Thursday, March 10, 2016

Giant Vault That Stores Different Types Of Seeds From Crops In Case Something Bad Happens (20 pics)

This vault is designed to store valuable seeds from crops all over the world if some worst-case scenario happens on Earth, like climate change, nuclear war or some environmental degradation or some other global crisis. The Svalbard Global Seed Vault is a highly secured seed bank that is situated on the Norwegian island between the mainland and the North Pole.
Svalbard is the northernmost place in the world that still has scheduled flights, according to The Crop Trust, the group in charge of the global seed-bank system.

It's more than 400 feet above sea level, and there's little moisture in the air.

Since the vault is buried in permafrost, it could stay frozen at least 200 years, even if the power were to go out.

The vault has seeds from more than 60 institutions and almost every country in the world, collected from the more than 1,500 global gene banks that store samples of seeds from all the crops native to the region they're in.

The Svalbard vault is the central fail-safe for all those seed banks.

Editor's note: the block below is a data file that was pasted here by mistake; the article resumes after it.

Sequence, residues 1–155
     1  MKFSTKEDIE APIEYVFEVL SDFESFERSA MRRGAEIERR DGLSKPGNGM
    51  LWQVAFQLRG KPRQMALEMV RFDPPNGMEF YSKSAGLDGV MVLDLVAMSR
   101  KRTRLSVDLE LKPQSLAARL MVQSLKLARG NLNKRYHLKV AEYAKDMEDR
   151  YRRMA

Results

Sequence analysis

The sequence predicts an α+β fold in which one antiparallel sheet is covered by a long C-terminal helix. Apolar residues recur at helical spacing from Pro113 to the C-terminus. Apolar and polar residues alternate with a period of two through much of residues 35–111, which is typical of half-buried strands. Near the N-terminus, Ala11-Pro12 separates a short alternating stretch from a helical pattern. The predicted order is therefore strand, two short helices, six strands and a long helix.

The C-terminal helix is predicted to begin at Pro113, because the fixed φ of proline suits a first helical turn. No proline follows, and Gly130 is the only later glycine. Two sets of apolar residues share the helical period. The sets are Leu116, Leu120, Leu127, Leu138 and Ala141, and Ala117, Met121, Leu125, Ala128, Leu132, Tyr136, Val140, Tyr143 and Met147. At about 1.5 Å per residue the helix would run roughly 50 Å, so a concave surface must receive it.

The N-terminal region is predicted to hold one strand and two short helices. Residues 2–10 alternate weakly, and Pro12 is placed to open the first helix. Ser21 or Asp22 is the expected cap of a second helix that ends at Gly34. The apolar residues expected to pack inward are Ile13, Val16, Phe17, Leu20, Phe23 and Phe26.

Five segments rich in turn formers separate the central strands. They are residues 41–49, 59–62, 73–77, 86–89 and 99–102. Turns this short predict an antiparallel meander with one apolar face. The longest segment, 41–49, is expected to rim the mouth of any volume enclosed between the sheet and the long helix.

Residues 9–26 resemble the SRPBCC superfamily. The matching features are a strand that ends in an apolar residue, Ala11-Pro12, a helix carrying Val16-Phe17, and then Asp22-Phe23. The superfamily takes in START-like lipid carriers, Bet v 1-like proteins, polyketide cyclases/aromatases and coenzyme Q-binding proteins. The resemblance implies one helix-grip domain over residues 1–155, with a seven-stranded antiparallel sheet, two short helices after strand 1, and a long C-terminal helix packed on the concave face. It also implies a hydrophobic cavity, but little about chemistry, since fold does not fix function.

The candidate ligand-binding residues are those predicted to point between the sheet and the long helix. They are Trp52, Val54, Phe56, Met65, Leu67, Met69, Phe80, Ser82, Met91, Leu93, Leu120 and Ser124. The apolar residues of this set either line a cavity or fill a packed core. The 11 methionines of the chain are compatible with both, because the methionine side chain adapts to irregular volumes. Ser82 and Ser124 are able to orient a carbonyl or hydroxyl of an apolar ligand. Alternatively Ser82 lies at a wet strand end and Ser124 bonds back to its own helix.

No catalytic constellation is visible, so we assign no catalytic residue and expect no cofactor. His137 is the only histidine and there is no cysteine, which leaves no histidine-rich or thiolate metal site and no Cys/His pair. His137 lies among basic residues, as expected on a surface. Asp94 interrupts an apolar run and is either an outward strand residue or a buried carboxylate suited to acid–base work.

Backups are sent to Svalbard in case a disaster ruins the samples at the home seed bank.

That way, the genetic diversity of crops around the world is kept safe.

Seed samples are sent to Svalbard in large boxes, which are scanned with X-rays after they get to the island to make sure that they have nothing but seeds inside.

The rooftop and part of the facade of the building is a work of art, since all public buildings in Norway are legally required to have art.

The vault is unlocked only for deposits, which happen three or four times a year.

There are five doors with coded locks that anyone looking to get into the vault has to pass through.

Plus, The Crop Trust says that polar bears — which outnumber humans on the island — provide an extra "layer of security."
The warning sign says "Applies to all of Svalbard territory."
The temperature inside is kept to minus 18 degrees Celsius, cold enough to keep the sealed seeds viable for — in some cases — thousands of years.

Inside, seeds are moved to a trolley and rolled into the vault's main chamber.

So far, there are more than 860,000 samples in the vault, collected since Svalbard opened in 2008. Each sample contains 500 seeds.

But there's enough space in the vault's three main rooms to store 4.5 million samples, which would be more than 2 billion seeds.

A seed sample is filled at a center in Texcoco, on the outskirts of Mexico City.

In 2015, the ICARDA Seed Bank, which had been in Syria, withdrew samples from the vault — a first — so it could move and restore its seed bank, which had been damaged by war.

That showed that the vault could serve its function, but hopefully there will be no need for another withdrawal in the near future.

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